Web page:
For improved fisher wellbeing and fisheries sustainability in the region, we are presently collectivising and building the capacity of fishermen. In addition to documenting fishing practices, trade and institutions in both the sites, with the Junglighat fishers, we have mapped the fishing grounds which are seasonally used by different categories of fishermen. In order to initiate fisheries co-management and co-monitoring, we co-created a logbook for fishers to enter fish catch and fishing effort. The book is currently being tested with an initial set of boats in Junglighat before onboarding the rest of the community. Around 90 fishers (including leaders) were also part of an awareness session on state policies and fisheries entitlements, towards a longer term effort to improve fisher access to government schemes and subsidies.

3. Tamil Nadu (Ramanathapuram district)

The district of Ramanathapuram forms the next focal area for SeaChange as a site this year. In the last 6 months, we have focused on three themes - marine plastics, livelihoods and developing leadership and awareness around the commons among women from fishing communities.

The Ramnad site also focused on building collaborations with the district administration and supporting their convergence related initiatives. Dakshin conceptualised a coast-focused convergence unit (termed Neithal Convergence Unit) and has now signed an MoU with the District Collector, Ramanathapuram to set up the Neithal Convergence Unit (NCU). The convergence unit, set up in the District Collector’s office, would act as a knowledge, coordination and planning platform for sustainable development of coastal communities in Ramanathapuram. The unit will act as an interface between fishers, fish collectives, coastal NGOs, the private sector and the district administration. In the coming year, it aims to strengthen the capacities of stakeholders through content development and training tools, developing participatory approaches for coastal and fisheries governance by engaging village-level committees and facilitating accountability in the delivery of various welfare and governance measures.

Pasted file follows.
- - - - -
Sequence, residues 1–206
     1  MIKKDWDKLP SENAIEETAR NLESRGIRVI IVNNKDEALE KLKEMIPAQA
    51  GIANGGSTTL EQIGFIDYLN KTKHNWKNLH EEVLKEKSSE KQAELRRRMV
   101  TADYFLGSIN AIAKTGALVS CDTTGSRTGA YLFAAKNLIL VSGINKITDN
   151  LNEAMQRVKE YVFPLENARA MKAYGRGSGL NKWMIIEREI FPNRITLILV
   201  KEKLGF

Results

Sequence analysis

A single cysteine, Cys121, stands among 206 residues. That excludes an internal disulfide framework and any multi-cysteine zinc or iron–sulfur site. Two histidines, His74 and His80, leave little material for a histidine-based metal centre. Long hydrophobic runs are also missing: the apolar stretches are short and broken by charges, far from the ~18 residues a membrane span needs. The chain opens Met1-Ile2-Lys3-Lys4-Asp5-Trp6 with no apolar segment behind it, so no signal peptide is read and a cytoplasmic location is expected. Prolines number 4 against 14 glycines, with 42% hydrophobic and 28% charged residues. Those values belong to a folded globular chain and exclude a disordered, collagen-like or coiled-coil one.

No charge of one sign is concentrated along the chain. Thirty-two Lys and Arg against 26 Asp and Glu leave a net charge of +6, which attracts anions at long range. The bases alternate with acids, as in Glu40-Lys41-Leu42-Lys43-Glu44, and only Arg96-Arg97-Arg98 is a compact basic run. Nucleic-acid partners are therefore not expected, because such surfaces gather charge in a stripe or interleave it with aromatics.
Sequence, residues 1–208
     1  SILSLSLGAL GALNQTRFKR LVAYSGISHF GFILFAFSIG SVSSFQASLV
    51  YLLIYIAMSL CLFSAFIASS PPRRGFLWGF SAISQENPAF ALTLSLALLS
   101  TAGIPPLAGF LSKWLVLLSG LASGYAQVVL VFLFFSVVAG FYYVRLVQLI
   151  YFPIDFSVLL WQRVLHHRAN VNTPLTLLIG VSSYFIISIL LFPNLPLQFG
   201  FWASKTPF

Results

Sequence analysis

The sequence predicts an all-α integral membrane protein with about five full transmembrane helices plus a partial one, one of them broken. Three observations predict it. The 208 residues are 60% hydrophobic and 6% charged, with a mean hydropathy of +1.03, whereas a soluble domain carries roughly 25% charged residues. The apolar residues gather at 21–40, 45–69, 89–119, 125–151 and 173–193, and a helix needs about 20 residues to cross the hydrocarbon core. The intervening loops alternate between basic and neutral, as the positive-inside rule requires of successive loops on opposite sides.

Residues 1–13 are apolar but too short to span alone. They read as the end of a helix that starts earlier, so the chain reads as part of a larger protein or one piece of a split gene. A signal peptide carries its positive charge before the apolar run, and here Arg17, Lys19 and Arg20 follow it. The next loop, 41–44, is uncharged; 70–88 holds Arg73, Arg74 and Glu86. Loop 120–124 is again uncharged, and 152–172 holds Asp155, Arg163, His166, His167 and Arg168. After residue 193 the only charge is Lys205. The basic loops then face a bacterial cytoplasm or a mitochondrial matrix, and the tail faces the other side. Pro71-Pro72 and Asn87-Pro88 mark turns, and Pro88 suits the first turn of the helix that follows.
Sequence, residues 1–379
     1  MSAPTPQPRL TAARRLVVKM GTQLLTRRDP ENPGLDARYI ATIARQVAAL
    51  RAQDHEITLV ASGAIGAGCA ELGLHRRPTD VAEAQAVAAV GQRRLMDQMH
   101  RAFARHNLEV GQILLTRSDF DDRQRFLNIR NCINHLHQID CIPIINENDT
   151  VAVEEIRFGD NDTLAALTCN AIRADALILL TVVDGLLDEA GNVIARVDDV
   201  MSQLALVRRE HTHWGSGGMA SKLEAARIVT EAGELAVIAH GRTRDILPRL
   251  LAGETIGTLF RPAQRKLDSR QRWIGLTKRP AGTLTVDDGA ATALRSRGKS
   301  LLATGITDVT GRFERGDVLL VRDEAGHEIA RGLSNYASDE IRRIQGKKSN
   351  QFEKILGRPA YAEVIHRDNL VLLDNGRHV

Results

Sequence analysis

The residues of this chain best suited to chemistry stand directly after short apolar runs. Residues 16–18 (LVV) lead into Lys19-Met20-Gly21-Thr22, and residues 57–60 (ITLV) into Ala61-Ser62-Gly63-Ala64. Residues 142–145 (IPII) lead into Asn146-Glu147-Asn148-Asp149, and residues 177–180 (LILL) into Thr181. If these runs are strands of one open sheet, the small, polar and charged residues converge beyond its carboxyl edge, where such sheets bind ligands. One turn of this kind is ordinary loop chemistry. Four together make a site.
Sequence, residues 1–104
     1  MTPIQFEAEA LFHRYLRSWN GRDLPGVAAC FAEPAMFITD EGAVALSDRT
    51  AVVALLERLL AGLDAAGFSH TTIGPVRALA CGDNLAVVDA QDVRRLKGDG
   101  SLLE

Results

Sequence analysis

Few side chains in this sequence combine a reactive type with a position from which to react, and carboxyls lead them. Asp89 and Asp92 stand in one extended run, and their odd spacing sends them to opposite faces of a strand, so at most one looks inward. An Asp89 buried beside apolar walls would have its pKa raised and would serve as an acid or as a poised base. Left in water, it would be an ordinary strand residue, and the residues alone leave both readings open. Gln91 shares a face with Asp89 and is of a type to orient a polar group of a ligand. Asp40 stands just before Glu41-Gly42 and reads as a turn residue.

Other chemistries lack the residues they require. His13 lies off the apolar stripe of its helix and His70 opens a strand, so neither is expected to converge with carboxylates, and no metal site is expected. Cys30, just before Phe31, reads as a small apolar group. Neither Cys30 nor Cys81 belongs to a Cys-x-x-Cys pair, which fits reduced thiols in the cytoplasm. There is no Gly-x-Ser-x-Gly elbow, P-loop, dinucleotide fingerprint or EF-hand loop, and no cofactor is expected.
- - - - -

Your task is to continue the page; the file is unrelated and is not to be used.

Additionally, Dakshin Foundation in partnership with Accenture Global has also put together a digital dashboard providing information on socio-economic indicators of marine-fishing villages, GIS-based imagery on marine plastic and shoreline changes for district-level planning at hamlet, panchayat, taluk and district levels. The integrated dashboard provides updated information on marine-fishing villages and can provide district administrators with transparent and easy to access data for better governance of coastal villages.

Other updates

This range of engagement converges in the field as part of our SeaChange framework for action. Additional layers to this work are added by our efforts under our Oceans Solutions banner and through our Oceans Applied Tech Lab. Ocean Solutions is our effort to enter and contribute to the emerging domain of blue carbon, blue growth and climate change towards creating an in-house interdisciplinary solutions-based service/facility. Dakshin’s aim here is to engage with emerging areas such as Blue Carbon to better channel such global efforts to positively impact small-scale fishers and these ecosystems and mitigate threats to their further disenfranchisement and displacement from these landscapes. The Oceans Applied Tech Lab is focussed on leveraging technologies such as GIS, AI modelling and a range of ICTs to analyse and scale our efforts.